US Secretary of State, Antony Blinken Requires Readability Changes
Personalization matters. One-format-fits-all should no longer be the defacto model of text presentation. Research supports the personalization of text format to improve reading speed, accuracy and comprehension for most of the population, not only as an accessibility solution.
Readability Matters was excited to see the State Department’s recognition that text formats are important. The widely reported topic is a move toward giving better readability the attention it deserves. Let’s expand the conversation!
In a widely reported message to all US embassies, Secretary Antony Blinken directed staff not to send any more papers using the Times New Roman typeface. Instead, he directed domestic offices, bureaus, and posts overseas to adopt Calibri in a 14-point size to create better reading. Secretary Blinken positions the change as one supporting greater accessibility of the documents.
John Hudson, State Department Correspondent for the Washington Post, with Annabelle Timsit, reported the shift citing experts. Jack Llewellyn, a London-based designer specializing in typography, notes that there is no one-size-fits-all solution. Ian Hosking, a senior research associate at the Engineering Design Center at the University of Cambridge, remarked that design factors other than font and size–such as text alignment, spacing and contrast in color– make a difference. Hosking also advocates for personalization.
“Bigger fonts can help those with visual impairments, but he said a better solution would be to ensure people have the option to adjust them to suit their own needs.”
– David Berman, the principal of David Berman Communications
Reporter Daniel Victor of the New York Times details the debate that has taken place over typefaces that use serifs (small lines or strokes attached to the larger stroke in a character or symbol, as in Times New Roman). “Several experts said the research now leans strongly toward the conclusion that sans serif fonts are more readable, but there is a decades-long history of disagreement.”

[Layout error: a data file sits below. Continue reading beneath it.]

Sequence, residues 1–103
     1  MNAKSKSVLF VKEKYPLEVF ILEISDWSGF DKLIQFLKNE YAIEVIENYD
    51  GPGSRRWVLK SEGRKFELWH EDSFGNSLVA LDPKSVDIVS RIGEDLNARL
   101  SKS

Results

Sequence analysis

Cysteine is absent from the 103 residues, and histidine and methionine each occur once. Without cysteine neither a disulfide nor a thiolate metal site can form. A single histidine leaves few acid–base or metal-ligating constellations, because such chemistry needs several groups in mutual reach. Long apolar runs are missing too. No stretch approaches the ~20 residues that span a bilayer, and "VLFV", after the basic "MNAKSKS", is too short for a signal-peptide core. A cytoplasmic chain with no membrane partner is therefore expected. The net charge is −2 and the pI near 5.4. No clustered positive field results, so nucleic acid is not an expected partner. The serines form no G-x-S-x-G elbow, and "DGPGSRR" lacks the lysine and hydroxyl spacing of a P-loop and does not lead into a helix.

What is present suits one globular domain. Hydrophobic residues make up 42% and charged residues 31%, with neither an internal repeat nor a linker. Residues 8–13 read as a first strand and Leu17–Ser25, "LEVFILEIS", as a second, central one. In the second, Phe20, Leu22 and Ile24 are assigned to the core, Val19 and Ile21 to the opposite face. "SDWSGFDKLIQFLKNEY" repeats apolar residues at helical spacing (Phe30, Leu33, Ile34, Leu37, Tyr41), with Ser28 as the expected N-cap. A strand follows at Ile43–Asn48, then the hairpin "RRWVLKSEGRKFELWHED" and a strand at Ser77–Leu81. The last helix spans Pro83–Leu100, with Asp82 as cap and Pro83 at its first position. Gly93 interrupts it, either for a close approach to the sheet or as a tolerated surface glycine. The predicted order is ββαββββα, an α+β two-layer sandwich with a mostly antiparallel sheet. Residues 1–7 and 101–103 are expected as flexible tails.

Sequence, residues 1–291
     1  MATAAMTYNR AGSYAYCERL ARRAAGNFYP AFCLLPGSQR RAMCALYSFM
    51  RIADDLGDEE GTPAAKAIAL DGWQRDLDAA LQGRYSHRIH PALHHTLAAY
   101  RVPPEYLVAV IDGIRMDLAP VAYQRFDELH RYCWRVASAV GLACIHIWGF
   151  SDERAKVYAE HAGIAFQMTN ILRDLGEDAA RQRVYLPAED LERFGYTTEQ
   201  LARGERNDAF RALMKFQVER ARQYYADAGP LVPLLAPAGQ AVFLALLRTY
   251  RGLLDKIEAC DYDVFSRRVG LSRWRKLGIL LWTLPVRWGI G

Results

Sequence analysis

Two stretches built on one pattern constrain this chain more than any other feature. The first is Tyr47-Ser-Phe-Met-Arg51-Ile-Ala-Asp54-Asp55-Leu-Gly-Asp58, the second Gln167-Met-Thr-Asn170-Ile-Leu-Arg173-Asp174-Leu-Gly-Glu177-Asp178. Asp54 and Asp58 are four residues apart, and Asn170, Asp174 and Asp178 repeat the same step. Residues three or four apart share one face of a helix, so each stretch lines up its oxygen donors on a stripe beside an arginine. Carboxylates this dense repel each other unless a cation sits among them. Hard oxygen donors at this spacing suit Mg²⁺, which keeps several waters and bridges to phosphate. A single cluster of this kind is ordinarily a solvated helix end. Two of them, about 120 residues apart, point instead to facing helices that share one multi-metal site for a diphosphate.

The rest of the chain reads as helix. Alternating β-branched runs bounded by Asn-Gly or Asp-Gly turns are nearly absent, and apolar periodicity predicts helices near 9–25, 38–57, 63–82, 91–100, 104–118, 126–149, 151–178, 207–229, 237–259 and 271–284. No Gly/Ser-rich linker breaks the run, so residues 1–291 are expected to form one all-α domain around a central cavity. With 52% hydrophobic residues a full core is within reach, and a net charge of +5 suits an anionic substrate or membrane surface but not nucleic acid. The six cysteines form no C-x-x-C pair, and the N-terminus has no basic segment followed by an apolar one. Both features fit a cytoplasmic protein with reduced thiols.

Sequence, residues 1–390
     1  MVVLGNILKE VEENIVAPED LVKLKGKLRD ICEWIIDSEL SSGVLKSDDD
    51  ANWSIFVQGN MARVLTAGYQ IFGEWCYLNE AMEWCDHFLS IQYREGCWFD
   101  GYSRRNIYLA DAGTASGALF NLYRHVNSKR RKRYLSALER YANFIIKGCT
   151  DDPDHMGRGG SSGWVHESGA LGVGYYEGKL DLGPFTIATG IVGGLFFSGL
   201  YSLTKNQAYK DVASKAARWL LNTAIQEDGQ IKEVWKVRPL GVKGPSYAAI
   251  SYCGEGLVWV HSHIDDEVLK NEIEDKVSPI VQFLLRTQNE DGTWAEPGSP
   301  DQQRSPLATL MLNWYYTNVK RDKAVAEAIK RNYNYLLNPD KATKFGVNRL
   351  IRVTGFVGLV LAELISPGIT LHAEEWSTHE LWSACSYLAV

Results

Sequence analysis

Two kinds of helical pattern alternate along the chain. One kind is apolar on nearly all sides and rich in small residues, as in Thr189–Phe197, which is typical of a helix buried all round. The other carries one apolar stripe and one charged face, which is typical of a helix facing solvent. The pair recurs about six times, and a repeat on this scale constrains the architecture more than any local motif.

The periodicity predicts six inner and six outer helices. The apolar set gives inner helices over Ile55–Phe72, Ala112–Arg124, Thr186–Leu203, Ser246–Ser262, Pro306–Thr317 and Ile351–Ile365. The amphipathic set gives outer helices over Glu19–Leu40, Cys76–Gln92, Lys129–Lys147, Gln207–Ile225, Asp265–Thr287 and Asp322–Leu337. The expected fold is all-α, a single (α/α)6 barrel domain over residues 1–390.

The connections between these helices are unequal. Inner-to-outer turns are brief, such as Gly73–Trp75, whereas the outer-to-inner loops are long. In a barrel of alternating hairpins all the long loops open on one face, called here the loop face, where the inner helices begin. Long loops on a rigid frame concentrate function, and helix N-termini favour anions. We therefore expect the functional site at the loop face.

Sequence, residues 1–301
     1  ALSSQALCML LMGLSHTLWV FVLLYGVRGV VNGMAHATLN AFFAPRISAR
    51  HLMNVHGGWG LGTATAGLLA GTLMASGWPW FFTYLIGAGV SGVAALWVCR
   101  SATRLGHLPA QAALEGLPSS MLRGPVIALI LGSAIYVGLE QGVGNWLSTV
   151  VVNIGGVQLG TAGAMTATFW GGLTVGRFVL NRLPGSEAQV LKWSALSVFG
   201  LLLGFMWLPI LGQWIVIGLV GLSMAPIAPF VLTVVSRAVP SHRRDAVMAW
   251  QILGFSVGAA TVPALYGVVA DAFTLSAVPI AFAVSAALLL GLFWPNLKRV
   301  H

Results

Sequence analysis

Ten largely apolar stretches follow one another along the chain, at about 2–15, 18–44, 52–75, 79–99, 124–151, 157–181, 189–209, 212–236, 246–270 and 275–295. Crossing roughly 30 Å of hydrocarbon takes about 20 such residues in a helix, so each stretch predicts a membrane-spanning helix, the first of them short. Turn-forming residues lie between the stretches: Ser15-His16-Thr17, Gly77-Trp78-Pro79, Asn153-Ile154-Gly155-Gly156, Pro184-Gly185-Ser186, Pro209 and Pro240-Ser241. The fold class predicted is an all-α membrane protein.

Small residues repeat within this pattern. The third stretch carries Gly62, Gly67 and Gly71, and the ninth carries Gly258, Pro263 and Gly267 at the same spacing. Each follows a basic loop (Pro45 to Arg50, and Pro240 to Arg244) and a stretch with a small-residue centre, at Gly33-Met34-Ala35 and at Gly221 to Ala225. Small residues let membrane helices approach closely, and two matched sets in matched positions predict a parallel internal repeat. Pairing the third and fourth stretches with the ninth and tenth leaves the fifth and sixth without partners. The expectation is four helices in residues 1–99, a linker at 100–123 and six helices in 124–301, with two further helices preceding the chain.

Victor cites communications expert David Berman, who notes that a better solution would be to ensure people have the option to adjust [fonts] to suit their own needs.
Is this the right debate?
We don’t think so! The question is not ‘Times New Roman or Calibri?’ nor is it ‘serif or sans-serif font?’ The only question that makes sense in light of recent research is whether it should be one-format-fits-all or personalized text. Technology makes personalization possible; for example, a PDF document can be personalized with Adobe Reader Liquid Mode.
Personalization matters. One-format-fits-all should no longer be the defacto model of text presentation.
Learn more about the growing community working to bring better reading to the world. See the Wiki describing the work of The Readability Consortium, Adobe, Google, the University of Central Florida, and more. Together they are developing research-informed solutions to make each reader the best reader they can be.
Who shot the serif?